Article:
I’m sitting here in the midday sun with a snarl on my face and a twitch in my eye. Furious. Annoyed. Wanting on. Refusing to succumb. Conscious of the seductive power of feeling connected. Missing the people I’ve grown used to communicating with every day. Wondering how they are, if they miss me, what they’re doing, writing, saying, feeling.

But the truth is… life goes on.

Without wanting to diminish my time on there, or negate the several remarkable relationships I have forged, the ones I HOPE will be lasting, the question remains… if I left MySpace tomorrow would I even be missed? I’m unconvinced. Perhaps I’d be noticeably absent for a few weeks, but then I’d slither into the back of people’s consciousness, a gradual subside, before fading to black. Poof. See ya.

Very few people would care. Very few people would be even remotely affected. Why should they be?

Knowing how intermediate most of these connections are could make saying goodbye very easy.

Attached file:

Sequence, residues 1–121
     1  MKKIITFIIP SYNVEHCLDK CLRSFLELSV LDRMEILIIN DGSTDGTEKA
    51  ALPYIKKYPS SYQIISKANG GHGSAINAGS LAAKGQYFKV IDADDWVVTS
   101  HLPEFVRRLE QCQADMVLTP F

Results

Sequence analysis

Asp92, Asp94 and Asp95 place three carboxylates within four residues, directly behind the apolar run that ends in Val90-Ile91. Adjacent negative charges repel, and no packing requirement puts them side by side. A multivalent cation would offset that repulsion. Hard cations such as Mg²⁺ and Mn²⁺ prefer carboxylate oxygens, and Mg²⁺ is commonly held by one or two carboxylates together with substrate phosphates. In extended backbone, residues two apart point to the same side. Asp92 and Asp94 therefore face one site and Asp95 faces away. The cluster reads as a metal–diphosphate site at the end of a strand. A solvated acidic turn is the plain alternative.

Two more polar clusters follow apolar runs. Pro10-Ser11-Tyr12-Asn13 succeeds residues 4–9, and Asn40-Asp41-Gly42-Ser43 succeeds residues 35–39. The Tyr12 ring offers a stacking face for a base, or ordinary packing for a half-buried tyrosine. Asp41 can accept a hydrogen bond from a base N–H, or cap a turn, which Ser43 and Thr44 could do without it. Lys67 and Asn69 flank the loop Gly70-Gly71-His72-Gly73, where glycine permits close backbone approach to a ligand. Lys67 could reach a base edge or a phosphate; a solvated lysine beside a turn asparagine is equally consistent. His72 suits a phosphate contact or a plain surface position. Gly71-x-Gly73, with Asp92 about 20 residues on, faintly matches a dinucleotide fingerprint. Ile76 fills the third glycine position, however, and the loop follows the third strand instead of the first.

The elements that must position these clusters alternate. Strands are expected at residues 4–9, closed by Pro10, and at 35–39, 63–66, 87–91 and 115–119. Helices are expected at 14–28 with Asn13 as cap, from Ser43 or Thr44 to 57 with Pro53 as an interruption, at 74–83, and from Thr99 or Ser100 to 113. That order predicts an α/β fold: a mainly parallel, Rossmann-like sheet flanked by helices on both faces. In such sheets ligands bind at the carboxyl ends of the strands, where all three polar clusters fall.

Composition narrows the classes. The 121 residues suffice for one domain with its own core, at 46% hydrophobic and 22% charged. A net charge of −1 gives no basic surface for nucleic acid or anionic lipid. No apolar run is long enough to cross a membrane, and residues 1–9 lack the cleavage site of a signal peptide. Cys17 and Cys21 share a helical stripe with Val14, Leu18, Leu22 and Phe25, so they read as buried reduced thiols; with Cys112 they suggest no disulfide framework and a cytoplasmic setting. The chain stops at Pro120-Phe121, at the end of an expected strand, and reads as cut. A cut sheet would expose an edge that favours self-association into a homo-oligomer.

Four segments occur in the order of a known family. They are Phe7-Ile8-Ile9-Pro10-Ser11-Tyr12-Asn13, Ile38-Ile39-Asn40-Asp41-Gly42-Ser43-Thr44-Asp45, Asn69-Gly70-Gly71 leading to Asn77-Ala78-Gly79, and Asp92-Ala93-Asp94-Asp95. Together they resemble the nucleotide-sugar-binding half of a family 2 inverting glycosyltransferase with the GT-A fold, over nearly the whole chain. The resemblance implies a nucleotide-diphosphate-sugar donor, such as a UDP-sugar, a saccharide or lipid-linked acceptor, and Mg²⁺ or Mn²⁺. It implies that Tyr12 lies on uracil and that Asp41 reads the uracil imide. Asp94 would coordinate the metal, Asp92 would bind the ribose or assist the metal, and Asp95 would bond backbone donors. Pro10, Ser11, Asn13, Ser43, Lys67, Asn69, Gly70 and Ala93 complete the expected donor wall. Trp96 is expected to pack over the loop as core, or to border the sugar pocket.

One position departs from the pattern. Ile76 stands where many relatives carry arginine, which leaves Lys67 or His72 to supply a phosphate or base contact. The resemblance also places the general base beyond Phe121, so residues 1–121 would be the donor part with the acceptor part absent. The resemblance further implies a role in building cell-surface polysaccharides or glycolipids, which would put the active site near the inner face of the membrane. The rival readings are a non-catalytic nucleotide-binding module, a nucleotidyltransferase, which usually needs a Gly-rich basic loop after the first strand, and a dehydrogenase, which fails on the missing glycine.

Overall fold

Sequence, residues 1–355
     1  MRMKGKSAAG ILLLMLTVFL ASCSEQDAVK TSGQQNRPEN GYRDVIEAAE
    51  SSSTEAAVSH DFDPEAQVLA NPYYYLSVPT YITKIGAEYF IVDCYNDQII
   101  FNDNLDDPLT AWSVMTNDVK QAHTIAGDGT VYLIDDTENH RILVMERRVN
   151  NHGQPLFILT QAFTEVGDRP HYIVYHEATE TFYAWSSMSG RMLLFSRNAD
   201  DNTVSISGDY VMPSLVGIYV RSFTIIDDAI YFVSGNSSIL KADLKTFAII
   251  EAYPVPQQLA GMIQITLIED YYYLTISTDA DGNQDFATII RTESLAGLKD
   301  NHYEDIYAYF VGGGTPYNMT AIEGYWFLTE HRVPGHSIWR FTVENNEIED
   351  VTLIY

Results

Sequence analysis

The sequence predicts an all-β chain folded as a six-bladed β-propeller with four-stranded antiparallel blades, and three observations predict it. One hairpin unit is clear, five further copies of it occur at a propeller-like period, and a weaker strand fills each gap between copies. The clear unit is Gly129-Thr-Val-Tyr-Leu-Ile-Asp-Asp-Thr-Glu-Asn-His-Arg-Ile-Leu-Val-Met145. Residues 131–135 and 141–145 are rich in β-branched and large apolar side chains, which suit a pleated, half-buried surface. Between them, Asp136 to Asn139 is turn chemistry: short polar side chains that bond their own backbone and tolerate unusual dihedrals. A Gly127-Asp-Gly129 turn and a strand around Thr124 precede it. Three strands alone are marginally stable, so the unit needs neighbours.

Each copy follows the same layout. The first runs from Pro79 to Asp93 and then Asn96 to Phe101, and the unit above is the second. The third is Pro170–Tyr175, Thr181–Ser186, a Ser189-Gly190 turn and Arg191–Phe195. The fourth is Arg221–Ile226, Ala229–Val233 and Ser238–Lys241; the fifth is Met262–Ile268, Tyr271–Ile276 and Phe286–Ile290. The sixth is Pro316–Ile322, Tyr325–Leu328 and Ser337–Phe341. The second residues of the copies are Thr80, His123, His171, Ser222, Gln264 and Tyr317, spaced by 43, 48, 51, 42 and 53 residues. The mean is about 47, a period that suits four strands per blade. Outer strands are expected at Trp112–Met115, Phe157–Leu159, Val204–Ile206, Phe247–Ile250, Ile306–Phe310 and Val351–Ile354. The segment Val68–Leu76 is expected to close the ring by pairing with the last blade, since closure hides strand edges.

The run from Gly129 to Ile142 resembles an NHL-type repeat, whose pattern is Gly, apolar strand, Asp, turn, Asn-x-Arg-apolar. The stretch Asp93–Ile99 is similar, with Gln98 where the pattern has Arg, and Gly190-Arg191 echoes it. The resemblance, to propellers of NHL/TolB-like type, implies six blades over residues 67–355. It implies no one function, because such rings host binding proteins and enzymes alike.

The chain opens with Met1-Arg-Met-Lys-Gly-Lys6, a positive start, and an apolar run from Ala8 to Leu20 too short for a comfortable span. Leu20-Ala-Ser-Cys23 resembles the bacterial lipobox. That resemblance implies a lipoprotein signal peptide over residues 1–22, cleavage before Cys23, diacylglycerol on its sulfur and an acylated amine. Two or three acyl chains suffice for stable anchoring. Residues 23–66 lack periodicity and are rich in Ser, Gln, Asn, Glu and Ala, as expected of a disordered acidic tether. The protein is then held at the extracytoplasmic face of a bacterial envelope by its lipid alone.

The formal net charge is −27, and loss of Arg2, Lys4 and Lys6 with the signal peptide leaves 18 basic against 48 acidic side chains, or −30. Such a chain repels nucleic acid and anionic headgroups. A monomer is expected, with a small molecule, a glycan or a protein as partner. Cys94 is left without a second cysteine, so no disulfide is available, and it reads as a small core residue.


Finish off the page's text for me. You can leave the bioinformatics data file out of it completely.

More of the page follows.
I would never be so bold as to presume that I’ve made an impact on anyone’s life. There will always be fresh slants on humor and culture and news and random idiocy to rise up and entertain, better writers, prettier faces, funnier girls. There is definitely a market for it, a need. People are hungry, bored, unsatisfied, lonely. They are crying out for stimulus and love. They should be, it’s a cruel and crazy world out there, I’ve seen it. Human beings, further disconnected from each other by long roads and longer hours or work and stress, are crying out for companionship.

But so are my friends here in close proximity. And they also need physical contact, hand-holding, attention and love.

They need the thing I was in danger of losing touch with – touch itself.

In the last six weeks I’ve traveled America, eight-thousand grueling, exhausting, uplifting miles of it, meeting a lot of the people from MySpace that I needed to meet in order to begin solidifying those relationships and understand them.

I’ve experienced a journey far above my expectations, and also far below. America is sprawling, spreading, filled with sameness. In the midst of that sameness are a few hundred million individual, all different, all trying to find each other and connect in new, exciting ways. Ways that aren’t physical, ways that are safe and sheltered, ways that are semi-anonymous and easily controlled. I know, I’ve been out there… I’ve talked to hundreds of people on beaches, streets and sidewalks, in cafes, hotels, motels, bars and homes.